I Watched a Documentary.

Living on One Dollar

I don’t often watch documentaries. The only Artists’ Den episode I’ve ever seen was the one about American Ballet Theater’s Misty Copeland, and that’s only because she came from my dance studio. And I did see First Position, the feature documentary about the world of competitive ballet, again because I trained in ballet for ten years.

Normally, when scrolling through the front page choices on Hulu, I look for my usual comedy shows; I rarely click on something I’ve heard nothing about. But earlier today, I clicked on this: a documentary called Living on One Dollar. The picture wasn’t super incredible, just a shack in a jungle with some dudes, but something in the back of my mind told me I’d enjoy it.

And I did.

I don’t often watch documentaries for two reasons:

1) It’s such a clinical, “objective” (in quotes for reasons I’ll explain later) approach to storytelling and there are ways to get your message across in a dramatic narrative. There’s this expectation that documentaries tell The Truth, that they show life as it really is, and when I’m in the mood to watch a movie or television show, most of the time I want to escape from real life.

2) If you leave a camera in one place and show everything that it records in one sitting, then you have real life. Documentaries are made by people who have a specific message in mind; they choose topics to film, they choose which people will represent those topics and how to shoot these people, they choose what to show in the film and what to throw onto the figurative cutting room floor. Documentaries are truth filtered through the bias of the directors and editors.

So I normally expect documentarians to be weathered, experienced filmmakers with a predetermined vision that skews the film’s perspective. That’s probably the reason why I instantly liked One Dollar. The filmmakers were students, the voice overs were unprofessional, and the film had a refreshingly self-reflexive feel (it drew attention to the fact that you’re watching a film). At the beginning, many shots were shakily handheld, out-of-focus, and there was a moment when the students turned the camera on and sat around like, “Well, we should be saying something meaningful and worthy of being captured on film but…what do we say?”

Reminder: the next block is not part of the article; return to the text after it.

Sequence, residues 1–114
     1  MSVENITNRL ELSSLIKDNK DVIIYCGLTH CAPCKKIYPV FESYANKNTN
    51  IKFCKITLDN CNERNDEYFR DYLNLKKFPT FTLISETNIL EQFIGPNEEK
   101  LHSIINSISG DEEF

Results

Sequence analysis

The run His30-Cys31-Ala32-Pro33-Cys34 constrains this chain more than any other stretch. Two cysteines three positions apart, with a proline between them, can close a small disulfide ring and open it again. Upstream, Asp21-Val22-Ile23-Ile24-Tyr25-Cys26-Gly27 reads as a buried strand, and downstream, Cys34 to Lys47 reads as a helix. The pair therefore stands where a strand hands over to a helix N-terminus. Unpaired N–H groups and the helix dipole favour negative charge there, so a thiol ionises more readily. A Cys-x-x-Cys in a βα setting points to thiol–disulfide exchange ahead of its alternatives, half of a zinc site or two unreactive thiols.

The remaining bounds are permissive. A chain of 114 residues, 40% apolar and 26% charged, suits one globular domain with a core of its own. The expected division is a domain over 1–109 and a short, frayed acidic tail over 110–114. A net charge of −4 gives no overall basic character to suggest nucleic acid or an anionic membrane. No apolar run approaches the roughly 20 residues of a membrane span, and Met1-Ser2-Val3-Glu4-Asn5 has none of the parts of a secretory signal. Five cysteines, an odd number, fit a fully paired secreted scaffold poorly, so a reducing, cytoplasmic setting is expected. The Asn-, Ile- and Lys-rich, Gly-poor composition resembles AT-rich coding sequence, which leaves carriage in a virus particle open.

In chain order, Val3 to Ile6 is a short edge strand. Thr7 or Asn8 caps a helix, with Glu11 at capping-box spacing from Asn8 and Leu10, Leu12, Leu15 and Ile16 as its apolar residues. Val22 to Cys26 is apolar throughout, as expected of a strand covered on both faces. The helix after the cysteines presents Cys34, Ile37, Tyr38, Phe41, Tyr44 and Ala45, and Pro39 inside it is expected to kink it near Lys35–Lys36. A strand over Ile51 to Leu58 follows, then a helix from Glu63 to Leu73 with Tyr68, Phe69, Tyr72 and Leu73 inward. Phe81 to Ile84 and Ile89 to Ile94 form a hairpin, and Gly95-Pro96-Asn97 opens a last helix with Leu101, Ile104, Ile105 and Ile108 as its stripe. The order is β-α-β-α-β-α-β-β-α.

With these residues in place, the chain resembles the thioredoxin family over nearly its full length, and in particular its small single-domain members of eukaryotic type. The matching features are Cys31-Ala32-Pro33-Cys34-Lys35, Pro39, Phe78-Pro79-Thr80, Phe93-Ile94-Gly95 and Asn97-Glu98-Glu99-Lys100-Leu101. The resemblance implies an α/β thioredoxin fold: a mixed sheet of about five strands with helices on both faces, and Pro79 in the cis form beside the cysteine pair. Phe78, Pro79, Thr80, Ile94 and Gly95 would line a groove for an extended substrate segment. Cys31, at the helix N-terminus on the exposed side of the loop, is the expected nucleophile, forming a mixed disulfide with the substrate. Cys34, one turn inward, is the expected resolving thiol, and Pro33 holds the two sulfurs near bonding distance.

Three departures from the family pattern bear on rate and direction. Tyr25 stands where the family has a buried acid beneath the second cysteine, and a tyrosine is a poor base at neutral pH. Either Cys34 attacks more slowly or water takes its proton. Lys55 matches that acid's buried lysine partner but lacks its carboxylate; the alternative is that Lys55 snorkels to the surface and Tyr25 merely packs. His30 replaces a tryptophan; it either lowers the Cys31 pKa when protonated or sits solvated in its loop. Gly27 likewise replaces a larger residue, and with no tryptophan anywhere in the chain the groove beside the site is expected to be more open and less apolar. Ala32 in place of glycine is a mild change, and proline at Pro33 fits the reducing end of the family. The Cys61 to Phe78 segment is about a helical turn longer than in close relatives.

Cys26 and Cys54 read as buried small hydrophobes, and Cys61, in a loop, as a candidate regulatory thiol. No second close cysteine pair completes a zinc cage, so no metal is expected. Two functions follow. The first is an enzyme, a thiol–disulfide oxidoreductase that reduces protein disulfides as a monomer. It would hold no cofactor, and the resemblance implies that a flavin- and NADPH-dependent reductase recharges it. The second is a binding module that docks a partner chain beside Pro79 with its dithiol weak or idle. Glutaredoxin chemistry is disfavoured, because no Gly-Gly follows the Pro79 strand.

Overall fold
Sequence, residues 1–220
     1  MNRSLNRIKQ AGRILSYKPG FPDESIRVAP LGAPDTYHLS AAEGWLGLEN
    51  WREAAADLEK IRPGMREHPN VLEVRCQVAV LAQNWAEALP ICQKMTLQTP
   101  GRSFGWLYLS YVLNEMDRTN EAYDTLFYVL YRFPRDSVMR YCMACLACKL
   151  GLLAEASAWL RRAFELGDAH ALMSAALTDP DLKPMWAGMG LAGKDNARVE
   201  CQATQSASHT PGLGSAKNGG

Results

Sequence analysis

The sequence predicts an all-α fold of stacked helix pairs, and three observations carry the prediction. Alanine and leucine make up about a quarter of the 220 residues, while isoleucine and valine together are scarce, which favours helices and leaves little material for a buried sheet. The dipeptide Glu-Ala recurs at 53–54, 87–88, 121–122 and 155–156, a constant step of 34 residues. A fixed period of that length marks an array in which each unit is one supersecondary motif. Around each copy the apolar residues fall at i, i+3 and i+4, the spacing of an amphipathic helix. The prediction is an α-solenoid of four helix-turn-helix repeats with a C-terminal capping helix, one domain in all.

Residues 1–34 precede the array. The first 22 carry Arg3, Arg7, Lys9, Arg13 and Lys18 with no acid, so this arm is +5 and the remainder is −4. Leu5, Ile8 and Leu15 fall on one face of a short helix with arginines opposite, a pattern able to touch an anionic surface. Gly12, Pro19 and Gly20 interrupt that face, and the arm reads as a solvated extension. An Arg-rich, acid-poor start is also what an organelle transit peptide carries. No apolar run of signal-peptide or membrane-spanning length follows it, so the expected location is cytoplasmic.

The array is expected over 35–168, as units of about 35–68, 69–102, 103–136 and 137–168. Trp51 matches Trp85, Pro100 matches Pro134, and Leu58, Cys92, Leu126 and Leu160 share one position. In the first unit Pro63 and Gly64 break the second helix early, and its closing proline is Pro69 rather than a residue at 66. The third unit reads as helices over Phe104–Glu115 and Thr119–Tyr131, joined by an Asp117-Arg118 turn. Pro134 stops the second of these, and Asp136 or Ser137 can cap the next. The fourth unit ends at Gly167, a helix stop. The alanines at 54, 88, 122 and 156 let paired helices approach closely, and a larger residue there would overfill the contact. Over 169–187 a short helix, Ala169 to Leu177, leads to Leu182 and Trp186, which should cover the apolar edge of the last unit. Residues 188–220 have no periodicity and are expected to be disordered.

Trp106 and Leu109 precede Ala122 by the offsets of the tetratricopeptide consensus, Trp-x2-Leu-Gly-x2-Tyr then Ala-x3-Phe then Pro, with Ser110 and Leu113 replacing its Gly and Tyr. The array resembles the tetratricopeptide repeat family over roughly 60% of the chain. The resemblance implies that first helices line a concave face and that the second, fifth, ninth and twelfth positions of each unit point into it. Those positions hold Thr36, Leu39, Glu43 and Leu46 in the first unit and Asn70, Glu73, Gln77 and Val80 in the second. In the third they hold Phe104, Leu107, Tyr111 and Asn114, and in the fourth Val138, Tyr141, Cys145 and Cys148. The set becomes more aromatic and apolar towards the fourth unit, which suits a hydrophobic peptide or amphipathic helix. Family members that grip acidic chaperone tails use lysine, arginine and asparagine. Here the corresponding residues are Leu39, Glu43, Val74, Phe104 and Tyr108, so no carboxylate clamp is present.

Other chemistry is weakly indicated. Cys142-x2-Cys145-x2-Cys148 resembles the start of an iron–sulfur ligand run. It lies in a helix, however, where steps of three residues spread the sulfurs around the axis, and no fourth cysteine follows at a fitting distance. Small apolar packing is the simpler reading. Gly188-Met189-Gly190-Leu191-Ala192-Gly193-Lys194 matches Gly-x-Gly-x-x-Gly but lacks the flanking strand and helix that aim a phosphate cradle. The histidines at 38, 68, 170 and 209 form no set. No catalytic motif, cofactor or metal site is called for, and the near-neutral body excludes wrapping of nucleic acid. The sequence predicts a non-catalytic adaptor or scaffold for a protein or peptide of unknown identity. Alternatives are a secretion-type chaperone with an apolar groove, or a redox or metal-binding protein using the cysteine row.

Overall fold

It was cute. And then right after that it got real.

I’m hoping that by leaving out any of the plot of the story I’ll force you to watch it (link above) because it’s really worth the watch. These four students are doing something brave and meaningful, something I wish I had the guts to pull off. They had an idea and they made it happen, even though it took them way out of their comfort zone to a place full of potential health hazards. I’m sure they did their research beforehand and had back up cash in case something terrible happened; regardless, they had little idea what potential diseases and hardships they would have to face.

Why can’t we all take such bold risks? Because it’s clear that they pay off, at least in the way that life-changing experiences can. Yeah they lost an unhealthy amount of weight, exposed themselves to parasites, faced fear of starvation every day, but they gave their new friends in Pena Blanca something new, just as they received new ideas and a new understanding of a different kind of life.

I hope, someday, that I’ll have the courage to leave my comfort zone and immerse myself in a new, challenging culture–one without any of the creature comforts I’m used to. It’ll make me appreciate my life in the States that much more.



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